"How can you be lonely with Christ in the Tabernacle?"

Two Sundays ago I made reference to the Servant of God Matt Talbot in my homily. Who was Matt Talbot? He was an Irish laborer who lived in Dublin and led a hidden life of extraordinary prayer and penance for over forty years. His story would have remained unknown to the world except for the fact that he dropped dead on a Dublin street and the hospital workers discovered upon stripping him that this man was wrapped in penitential chains like an ascetic from a bygone era of the Church.

Matt had been born in the decade after the Great Famine (1845-48) had devastated Ireland. He was one of 12 (8 boys and 4 girls). Sent out work as a messenger boy for a wine merchant at the age of 12 Matt began to tipple from the wine-stock and there began his downfall. By the time he was only 17 he was a full-blown alcoholic. 

A “functional” alcoholic apprenticed to a bricklayer, he lived to drink. He used his spare-time and all his wages to lose himself in drunkenness.

Evenings and weekends he could be found at his favorite pub, drinking, talking, treating his companions. His meager wages disappeared in this fashion. He took to depositing his paycheck with the bartender and then drinking until it was exhausted. (“Matt Talbot”, Irish Saints, by Robert Reilly, A. D. 1964)

At the age of 28, after a week-long bender, he finally hit the proverbial “rock-bottom”. Encouraged by his long-suffering mother, he agreed to take the "Pledge" to abstain from alcohol for three months, then for six months, and finally "for life."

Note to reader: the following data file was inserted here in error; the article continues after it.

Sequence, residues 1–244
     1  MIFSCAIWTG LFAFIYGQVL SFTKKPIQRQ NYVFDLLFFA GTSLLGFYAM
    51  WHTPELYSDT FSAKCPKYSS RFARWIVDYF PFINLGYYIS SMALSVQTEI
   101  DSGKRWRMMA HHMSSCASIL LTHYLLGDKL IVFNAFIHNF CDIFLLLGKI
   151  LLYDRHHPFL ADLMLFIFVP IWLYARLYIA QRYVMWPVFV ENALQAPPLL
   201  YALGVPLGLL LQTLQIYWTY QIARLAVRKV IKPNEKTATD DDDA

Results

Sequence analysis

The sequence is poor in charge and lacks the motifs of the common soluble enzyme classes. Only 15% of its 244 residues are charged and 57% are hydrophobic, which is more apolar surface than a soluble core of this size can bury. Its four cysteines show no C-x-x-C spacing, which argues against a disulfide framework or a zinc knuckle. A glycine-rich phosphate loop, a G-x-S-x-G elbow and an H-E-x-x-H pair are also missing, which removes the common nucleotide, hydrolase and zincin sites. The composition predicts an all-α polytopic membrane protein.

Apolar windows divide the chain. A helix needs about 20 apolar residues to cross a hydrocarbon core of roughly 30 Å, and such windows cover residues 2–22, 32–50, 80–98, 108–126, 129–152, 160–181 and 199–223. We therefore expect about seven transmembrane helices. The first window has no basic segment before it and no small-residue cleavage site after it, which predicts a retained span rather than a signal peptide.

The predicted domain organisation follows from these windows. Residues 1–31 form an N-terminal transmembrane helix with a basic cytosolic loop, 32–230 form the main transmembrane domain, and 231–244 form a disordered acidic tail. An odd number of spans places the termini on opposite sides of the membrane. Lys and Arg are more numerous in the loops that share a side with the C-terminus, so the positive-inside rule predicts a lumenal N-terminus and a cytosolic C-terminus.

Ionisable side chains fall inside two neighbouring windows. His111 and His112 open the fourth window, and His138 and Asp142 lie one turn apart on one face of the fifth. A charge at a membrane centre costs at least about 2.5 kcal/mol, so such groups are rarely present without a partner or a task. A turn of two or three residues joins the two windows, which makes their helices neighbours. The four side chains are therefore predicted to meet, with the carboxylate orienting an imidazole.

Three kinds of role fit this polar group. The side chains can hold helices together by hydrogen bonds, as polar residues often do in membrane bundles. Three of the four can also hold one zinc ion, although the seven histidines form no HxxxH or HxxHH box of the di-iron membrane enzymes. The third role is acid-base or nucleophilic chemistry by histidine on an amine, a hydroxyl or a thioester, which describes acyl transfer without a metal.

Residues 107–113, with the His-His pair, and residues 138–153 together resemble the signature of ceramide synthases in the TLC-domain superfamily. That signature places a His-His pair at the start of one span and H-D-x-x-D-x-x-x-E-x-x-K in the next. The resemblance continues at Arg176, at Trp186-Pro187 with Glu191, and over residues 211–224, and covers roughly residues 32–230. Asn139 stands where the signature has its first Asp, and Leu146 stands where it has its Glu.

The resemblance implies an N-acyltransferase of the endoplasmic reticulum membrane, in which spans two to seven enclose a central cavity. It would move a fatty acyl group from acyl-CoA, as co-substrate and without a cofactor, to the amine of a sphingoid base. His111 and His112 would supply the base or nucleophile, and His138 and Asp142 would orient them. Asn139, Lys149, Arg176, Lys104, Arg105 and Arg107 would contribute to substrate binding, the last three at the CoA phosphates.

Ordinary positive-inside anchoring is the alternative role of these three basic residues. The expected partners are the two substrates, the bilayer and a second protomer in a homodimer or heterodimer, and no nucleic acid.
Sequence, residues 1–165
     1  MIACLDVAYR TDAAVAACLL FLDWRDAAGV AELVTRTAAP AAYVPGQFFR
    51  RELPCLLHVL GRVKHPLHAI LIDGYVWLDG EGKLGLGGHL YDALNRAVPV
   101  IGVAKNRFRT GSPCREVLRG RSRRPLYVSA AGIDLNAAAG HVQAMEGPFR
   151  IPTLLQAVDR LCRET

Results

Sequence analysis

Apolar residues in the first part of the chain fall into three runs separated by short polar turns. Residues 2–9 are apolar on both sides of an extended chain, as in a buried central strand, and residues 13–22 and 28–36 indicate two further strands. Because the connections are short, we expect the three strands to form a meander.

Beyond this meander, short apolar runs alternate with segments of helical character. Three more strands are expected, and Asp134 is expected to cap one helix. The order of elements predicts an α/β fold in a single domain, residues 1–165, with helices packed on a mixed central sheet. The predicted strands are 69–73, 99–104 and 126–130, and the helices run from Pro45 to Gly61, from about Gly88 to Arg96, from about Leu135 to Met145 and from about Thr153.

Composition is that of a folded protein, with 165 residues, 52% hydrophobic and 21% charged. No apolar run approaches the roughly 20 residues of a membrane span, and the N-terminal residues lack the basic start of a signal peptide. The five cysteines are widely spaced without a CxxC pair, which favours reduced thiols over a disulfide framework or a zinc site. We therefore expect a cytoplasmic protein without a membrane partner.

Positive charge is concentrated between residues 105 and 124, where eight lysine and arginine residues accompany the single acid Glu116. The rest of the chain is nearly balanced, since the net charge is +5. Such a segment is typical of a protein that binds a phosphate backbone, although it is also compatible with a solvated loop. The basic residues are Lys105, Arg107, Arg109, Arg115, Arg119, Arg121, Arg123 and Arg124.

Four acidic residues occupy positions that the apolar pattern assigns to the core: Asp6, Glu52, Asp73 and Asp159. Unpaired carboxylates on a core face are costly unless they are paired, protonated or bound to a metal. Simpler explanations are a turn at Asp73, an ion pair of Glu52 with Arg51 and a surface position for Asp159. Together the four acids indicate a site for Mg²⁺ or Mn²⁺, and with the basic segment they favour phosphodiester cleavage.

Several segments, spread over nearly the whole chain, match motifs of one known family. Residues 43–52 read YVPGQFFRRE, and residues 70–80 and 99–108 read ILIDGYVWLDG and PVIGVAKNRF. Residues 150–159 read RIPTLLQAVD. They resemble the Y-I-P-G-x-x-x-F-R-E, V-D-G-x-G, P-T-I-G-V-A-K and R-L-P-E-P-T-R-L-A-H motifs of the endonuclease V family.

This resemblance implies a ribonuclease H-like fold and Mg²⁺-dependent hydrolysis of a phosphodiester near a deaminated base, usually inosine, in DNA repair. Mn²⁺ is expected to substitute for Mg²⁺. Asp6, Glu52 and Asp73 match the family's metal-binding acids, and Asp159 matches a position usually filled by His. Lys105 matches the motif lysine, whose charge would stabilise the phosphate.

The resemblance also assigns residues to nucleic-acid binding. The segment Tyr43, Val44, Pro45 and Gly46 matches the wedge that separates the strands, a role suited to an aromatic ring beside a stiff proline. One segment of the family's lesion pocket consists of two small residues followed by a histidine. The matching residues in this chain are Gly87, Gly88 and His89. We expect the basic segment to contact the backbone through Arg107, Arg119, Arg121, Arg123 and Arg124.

In an effort to gain the spiritual strength to break free of alcohol-addiction he began to attend daily Mass before work and then make a visit to church to pray before the Blessed Sacrament. His sobriety was lasting.

He who had formerly lived to drink, now lived to pray and do penance.

At 4 A.M. Matt would dress and then pray for an hour before going to church. Until the church doors opened, he would kneel on the stone steps. Policemen making their early morning rounds became used to seeing the silent figure lost in prayer. At 5:30 he entered the church, made the Stations of the Cross, and attended the 6:15 Mass at which he received Holy Communion. He used no missal but followed the Mass closely, praying all the while, always kneeling upright in his pew.

Once, when a friend was bemoaning her loneliness, he countered with a gentle rebuke: “Lonely? How can you be lonely with Christ in the Tabernacle.”

Once, when a friend was bemoaning her loneliness, he countered with a gentle rebuke: “Lonely? How can you be lonely with Christ in the Tabernacle.”

I think Matt Talbot was speaking here out of his own knowledge of acquaintance, according to the grace that was given to him. It is true: How can a Christian ever be lonely when he has Christ in the Blessed Sacrament? Remembering this and applying it will help us to face the burden of loneliness which everyone of us eventually has to face in life, especially as we go on in years. To turn our loneliness into solitude and our solitude into the prayer of friendship with Christ in the Blessed Sacrament, this is the thing. O Lord, increase our eucharistic faith!

Fr. Higgins

About Our Parish

Mary Immaculate of Lourdes is Newton and Needham Massachusetts's oldest Roman Catholic Parish. Founded as Saint Mary's Parish in 1870 it was renamed "Mary Immaculate of Lourdes" when the new Church was dedicated on Thanksgiving Day, 1910. In addition to being a regular territorial parish of the Archdiocese of Boston it is also a "Mission Parish" since 2007 with a special apostolate for the Traditional Latin Mass (1962 Missal).

Privacy Policy
Return Policy

Christian Life

"If you are willing to serenely bear the trial of being displeasing to yourself, then you will be for Jesus a pleasant place of shelter."
- St. Therese of Lisieux (+1897)

Contact Us